THE political economy of a space is shaped by the interrelationships of its inhabiting stakeholders cutting across social, economic, cultural and religious-ethnic profiles. The nature of these relationships can determine the constructs of community bonding or divisions.
I had the opportunity of working with the Hazara community, over a period of six months in Karachi’s Hazara Goth a couple of years ago, when I supervised an academic research project in ‘community development’ in which my students from Habib University were participating. We wanted to understand the livability challenges of the community — how they prioritised their challenges, engaged with service providers and developed coping mechanisms. It was a learning experience in trying to unravel the multiple layers of inequity that are a defining feature of Karachi’s urban fabric with grave implications for increased poverty and social exclusion. With the Hazara community already in the low-income bracket, their vulnerability to ‘social injustice’ is compounded by their religious and ethnic identity.
Nestled between Safari Park and Aladdin Park, the community started settling in Hazara Goth to escape sectarian killings in Quetta around 20 to 25 years back — a process that continues to this day. They are concentrated in Hussain Hazara Goth and Mughal Hazara Goth. These goths were initially illegal settlements and were regularised in 1987 by the KMC. They now share the space with communities of other ethnicities including Sindhi, Seraiki and Pakhtun.
The civic problems — running sewage restricting the main access to the road, uncollected garbage, substandard health and educational facilities — here are not unique to the Hazaras. However, unique to them are the restraints that bind them because of their religious identity, severely limiting their capacity to improve livability standards. The Hazara community has a disconnect with the other ethnic communities of Hazara Goth; resultantly, they find themselves outside the loop of any collective community effort to engage with service providers for resolving area issues.
The levels of isolation are alarming.
This communal isolation, aggravated by their lack of political clout, results in their ‘parcels’ of land being neglected even more. Effective mobilisation is also constrained by their relative inability to blend and connect with those outside their ‘Hazara’ identity — both within and outside the confines of Hazara Goth.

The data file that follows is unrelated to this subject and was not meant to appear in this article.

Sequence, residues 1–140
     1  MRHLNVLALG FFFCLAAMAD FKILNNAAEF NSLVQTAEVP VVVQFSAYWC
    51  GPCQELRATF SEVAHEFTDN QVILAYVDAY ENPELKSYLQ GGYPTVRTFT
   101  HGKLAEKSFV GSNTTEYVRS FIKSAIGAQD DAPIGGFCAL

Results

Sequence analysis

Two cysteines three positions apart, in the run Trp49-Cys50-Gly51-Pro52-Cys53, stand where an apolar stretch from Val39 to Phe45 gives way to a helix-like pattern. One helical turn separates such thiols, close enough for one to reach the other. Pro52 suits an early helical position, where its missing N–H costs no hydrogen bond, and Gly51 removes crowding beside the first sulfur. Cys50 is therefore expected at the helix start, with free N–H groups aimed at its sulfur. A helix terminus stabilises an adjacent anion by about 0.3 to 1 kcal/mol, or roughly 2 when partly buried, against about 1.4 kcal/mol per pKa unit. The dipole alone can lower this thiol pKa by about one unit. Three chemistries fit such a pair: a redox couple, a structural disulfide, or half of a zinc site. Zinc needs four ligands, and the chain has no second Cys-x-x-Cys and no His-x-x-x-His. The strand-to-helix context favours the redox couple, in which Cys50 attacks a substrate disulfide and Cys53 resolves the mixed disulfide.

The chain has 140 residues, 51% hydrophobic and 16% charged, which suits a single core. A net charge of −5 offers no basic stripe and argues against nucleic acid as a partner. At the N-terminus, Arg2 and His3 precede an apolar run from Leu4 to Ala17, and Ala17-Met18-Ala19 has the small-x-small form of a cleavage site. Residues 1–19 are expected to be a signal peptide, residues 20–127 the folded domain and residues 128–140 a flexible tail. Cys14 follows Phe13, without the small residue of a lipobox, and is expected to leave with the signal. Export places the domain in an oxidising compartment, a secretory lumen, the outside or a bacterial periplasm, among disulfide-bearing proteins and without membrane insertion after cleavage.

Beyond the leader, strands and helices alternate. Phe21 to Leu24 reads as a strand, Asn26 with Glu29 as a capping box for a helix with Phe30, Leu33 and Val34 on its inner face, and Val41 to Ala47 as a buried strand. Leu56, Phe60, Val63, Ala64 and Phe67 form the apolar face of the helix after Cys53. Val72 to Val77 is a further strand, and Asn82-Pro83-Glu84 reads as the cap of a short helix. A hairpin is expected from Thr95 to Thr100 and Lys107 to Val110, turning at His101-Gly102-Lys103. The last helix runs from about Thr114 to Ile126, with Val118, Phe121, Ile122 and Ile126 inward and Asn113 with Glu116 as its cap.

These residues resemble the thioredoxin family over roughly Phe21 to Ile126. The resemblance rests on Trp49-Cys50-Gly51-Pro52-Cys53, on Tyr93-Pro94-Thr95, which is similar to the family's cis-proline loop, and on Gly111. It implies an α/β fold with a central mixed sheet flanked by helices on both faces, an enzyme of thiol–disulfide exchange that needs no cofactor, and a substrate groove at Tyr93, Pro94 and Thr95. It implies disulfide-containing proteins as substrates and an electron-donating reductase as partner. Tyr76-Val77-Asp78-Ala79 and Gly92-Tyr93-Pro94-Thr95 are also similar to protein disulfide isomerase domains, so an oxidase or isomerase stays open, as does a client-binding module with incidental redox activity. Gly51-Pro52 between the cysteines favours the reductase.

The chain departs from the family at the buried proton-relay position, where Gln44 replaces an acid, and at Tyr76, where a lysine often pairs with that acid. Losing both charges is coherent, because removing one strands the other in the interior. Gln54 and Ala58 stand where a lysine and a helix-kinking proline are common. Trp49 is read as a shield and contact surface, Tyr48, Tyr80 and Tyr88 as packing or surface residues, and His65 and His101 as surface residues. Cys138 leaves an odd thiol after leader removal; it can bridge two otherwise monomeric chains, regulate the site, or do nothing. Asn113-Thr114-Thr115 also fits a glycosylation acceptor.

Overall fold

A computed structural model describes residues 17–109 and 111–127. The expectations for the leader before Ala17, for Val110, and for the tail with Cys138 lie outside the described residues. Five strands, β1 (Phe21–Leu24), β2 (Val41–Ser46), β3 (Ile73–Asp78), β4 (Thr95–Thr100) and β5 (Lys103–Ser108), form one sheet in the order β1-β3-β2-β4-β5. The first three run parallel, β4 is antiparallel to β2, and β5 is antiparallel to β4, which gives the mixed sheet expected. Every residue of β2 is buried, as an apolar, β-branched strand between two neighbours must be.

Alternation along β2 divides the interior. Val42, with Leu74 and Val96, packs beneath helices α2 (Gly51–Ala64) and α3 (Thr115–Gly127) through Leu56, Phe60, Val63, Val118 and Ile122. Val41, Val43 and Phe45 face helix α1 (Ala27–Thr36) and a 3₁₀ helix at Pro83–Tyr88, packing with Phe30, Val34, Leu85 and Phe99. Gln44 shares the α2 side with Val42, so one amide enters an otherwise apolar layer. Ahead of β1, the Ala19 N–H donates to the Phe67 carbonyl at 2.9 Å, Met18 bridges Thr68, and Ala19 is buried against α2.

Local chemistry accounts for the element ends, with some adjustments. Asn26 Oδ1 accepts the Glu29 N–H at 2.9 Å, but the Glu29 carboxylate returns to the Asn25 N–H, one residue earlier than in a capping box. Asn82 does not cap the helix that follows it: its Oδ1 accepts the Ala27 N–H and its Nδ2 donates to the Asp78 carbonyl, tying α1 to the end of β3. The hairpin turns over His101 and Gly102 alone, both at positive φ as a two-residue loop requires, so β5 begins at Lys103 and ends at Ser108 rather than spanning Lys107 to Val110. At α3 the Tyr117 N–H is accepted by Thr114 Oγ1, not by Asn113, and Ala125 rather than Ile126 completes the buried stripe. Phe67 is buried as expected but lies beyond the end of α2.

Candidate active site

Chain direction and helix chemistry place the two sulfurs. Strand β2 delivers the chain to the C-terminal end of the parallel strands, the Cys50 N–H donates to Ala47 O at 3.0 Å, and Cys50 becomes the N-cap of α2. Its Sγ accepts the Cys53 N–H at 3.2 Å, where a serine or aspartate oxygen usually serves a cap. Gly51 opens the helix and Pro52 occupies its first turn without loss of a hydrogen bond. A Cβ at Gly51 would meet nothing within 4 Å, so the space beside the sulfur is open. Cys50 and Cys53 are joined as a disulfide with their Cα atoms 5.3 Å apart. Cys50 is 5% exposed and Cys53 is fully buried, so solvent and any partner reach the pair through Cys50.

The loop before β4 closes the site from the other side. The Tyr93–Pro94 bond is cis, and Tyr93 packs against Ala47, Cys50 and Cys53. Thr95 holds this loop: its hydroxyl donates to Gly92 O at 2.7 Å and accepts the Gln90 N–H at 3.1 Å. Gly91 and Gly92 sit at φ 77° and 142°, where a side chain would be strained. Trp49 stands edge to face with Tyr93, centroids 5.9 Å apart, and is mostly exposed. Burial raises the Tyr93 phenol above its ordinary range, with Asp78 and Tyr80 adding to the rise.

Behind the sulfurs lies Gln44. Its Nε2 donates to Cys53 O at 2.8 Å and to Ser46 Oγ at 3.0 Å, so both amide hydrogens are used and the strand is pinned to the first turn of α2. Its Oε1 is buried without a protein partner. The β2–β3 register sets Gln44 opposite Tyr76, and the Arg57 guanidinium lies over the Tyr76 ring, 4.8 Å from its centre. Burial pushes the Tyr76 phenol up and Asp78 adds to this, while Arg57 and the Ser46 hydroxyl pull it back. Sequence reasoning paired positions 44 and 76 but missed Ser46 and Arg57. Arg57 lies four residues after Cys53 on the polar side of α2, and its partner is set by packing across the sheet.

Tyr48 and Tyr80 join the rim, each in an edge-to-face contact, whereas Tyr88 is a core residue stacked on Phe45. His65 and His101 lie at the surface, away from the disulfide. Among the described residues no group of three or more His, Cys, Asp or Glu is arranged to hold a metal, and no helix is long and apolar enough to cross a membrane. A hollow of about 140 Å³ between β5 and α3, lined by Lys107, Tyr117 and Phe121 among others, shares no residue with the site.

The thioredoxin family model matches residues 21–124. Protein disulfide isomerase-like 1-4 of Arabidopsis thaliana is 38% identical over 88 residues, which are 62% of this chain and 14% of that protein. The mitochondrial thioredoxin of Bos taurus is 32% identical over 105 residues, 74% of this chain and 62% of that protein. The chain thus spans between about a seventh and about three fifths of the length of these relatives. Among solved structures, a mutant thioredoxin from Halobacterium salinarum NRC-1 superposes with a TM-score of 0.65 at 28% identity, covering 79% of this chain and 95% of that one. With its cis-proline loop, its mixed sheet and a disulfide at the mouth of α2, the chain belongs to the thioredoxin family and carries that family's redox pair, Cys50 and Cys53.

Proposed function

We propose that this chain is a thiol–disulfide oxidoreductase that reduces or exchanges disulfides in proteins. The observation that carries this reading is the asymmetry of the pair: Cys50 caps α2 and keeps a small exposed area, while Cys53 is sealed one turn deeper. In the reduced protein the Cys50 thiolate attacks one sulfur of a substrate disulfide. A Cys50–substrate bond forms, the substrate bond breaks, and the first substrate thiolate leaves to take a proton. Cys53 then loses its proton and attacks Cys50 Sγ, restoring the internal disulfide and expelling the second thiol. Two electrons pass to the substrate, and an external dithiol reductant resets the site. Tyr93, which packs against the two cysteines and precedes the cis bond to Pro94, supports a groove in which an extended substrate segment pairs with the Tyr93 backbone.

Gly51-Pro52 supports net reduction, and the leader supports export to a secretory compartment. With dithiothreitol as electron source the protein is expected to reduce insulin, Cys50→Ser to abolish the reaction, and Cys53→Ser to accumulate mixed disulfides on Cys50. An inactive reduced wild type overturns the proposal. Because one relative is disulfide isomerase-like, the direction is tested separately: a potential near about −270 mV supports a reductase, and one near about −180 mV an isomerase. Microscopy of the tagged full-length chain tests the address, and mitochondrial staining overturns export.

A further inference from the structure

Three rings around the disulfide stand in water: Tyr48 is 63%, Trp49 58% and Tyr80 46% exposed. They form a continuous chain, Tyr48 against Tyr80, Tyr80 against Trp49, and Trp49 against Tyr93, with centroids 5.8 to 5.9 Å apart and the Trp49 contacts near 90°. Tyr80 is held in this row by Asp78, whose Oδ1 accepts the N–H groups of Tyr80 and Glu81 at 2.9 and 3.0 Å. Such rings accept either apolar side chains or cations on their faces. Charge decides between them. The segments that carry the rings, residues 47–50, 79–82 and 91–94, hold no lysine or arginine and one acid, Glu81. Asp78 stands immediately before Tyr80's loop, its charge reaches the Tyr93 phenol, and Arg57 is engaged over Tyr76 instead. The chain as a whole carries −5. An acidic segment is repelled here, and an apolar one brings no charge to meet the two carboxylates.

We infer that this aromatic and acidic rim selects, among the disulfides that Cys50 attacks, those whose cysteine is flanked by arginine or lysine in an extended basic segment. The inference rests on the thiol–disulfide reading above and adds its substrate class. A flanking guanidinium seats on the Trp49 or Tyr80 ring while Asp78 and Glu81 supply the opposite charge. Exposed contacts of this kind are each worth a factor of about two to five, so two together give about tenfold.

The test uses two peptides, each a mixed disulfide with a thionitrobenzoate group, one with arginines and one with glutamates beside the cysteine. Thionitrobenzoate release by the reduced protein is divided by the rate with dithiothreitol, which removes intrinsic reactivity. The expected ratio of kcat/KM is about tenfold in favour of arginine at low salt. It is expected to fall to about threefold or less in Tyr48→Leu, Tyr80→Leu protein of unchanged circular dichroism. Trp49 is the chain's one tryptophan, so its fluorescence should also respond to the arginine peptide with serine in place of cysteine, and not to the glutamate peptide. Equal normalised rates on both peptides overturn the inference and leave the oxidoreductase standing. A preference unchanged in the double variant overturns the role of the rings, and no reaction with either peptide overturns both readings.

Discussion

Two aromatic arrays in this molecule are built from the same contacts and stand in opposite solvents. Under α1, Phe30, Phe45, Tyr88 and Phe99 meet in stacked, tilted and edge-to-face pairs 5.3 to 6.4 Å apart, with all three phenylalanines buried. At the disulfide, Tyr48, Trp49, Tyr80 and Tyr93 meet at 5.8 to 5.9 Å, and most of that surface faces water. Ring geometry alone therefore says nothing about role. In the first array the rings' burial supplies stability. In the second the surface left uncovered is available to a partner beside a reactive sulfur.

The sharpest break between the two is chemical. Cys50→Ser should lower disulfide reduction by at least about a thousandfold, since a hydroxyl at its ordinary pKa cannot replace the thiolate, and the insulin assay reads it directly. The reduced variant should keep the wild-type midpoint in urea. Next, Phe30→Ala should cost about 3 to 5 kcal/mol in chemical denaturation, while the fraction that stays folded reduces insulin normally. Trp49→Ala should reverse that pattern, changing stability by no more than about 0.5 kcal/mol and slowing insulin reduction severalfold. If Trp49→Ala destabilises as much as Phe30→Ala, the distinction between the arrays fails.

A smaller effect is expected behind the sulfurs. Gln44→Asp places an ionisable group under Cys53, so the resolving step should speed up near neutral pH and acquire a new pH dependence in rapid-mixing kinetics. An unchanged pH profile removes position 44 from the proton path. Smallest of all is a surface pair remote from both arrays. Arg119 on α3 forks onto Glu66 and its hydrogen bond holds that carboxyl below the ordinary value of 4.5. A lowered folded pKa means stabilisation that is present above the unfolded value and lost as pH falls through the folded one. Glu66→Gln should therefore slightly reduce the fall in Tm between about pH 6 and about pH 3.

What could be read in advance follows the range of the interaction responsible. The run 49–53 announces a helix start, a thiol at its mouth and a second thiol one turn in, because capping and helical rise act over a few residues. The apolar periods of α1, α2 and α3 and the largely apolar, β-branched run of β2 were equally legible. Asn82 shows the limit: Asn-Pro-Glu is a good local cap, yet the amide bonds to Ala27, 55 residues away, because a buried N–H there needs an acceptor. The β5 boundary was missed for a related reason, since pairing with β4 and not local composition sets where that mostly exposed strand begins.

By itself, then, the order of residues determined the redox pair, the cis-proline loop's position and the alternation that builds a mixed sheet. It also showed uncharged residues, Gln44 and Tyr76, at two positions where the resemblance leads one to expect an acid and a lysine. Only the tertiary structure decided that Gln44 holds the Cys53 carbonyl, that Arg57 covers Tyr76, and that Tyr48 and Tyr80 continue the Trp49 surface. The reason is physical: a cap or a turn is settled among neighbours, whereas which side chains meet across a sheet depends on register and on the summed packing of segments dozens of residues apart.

The government-run health and educational facilities are ill-served as qualified staff and private practitioners outside the Hazara ethnicity are reluctant to practise in an area identified as a security hotspot. Women have shared disturbing incidents of severe pregnancy-related emergencies, with lives lost due to lack of adequate healthcare and an inability to mobilise outside the community space. Worst affected are the older residents who cannot speak any other language but their local Dari. Having found ‘refuge’ to escape sectarian oppression, they are afraid and reluctant to step outside the community confines.
A lot of time was spent in engaging with the area’s youth and women. The youth are disillusioned about their future prospects as they feel trapped and insecure and unable to uplift themselves academically or acquire much-needed livelihood skill sets. Hazara community members are often even denied CNIC registration if they are recent settlers and are not able to provide required information going beyond a certain date. As such, for a large proportion of the community, opportunities to find gainful employment or set up private businesses are seriously compromised. Consequently, the community draws inwards.
Survey findings revealed that the majority looked to their religious leaders for solutions to day-to-day challenges, with the area imambargah becoming the centre of dispute resolution and problem solving. None of the respondents indicated any hope of the government coming to their rescue. The levels of isolation are alarming, with 25 per cent of respondents saying that they prefer to remain indoors primarily because of safety and security concerns. Almost 40pc said they visited families outside their home, while only 10pc indicated having visited places like city malls and markets.
We often sat with the community members, listening to their hopes and desires, sorrows and despair. As they related stories and sung songs, and as we ate their home-cooked food, it was lamented that the community’s strife in Karachi is reflective of a much larger, debilitating causal factor of urban disenfranchisement. Social and political exclusion based on religious and ethnic identity is complicating any attempt to make Karachi an inclusive, integrated city. This is sad and unfortunate. Other cities blessed with diverse languages, cultures, ethnicities and religious identities celebrate this mixture and leverage it to make their spaces more inclusive, resilient and exciting.
The writer is an urban planner and CEO, Urban Collaborative.
Published in Dawn, January 13th, 2021